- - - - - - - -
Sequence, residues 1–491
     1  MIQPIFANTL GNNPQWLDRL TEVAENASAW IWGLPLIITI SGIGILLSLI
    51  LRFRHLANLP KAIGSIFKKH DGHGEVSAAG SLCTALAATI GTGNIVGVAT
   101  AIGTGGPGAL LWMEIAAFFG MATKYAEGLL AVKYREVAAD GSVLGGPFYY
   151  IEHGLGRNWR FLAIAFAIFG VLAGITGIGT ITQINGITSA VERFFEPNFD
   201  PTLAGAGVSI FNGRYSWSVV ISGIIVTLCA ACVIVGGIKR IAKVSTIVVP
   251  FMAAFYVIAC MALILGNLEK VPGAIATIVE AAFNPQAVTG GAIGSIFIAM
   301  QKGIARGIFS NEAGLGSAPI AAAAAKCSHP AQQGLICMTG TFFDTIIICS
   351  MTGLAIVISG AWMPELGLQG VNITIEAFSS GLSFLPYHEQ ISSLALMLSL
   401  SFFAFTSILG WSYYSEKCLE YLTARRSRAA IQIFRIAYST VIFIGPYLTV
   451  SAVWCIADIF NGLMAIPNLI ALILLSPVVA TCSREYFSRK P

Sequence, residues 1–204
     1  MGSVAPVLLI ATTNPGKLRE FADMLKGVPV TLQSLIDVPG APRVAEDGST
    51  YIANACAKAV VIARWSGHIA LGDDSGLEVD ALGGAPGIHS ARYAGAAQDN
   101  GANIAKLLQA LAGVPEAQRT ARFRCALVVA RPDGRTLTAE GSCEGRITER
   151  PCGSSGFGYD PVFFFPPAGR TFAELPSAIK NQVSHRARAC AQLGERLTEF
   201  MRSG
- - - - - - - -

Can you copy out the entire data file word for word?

Sequence, residues 1–491
     1  MIQPIFANTL GNNPQWLDRL TEVAENASAW IWGLPLIITI SGIGILLSLI
    51  LRFRHLANLP KAIGSIFKKH DGHGEVSAAG SLCTALAATI GTGNIVGVAT
   101  AIGTGGPGAL LWMEIAAFFG MATKYAEGLL AVKYREVAAD GSVLGGPFYY
   151  IEHGLGRNWR FLAIAFAIFG VLAGITGIGT ITQINGITSA VERFFEPNFD
   201  PTLAGAGVSI FNGRYSWSVV ISGIIVTLCA ACVIVGGIKR IAKVSTIVVP
   251  FMAAFYVIAC MALILGNLEK VPGAIATIVE AAFNPQAVTG GAIGSIFIAM
   301  QKGIARGIFS NEAGLGSAPI AAAAAKCSHP AQQGLICMTG TFFDTIIICS
   351  MTGLAIVISG AWMPELGLQG VNITIEAFSS GLSFLPYHEQ ISSLALMLSL
   401  SFFAFTSILG WSYYSEKCLE YLTARRSRAA IQIFRIAYST VIFIGPYLTV
   451  SAVWCIADIF NGLMAIPNLI ALILLSPVVA TCSREYFSRK P

Sequence, residues 1–204
     1  MGSVAPVLLI ATTNPGKLRE FADMLKGVPV TLQSLIDVPG APRVAEDGST
    51  YIANACAKAV VIARWSGHIA LGDDSGLEVD ALGGAPGIHS ARYAGAAQDN
   101  GANIAKLLQA LAGVPEAQRT ARFRCALVVA RPDGRTLTAE GSCEGRITER
   151  PCGSSGFGYD PVFFFPPAGR TFAELPSAIK NQVSHRARAC AQLGERLTEF
   201  MRSG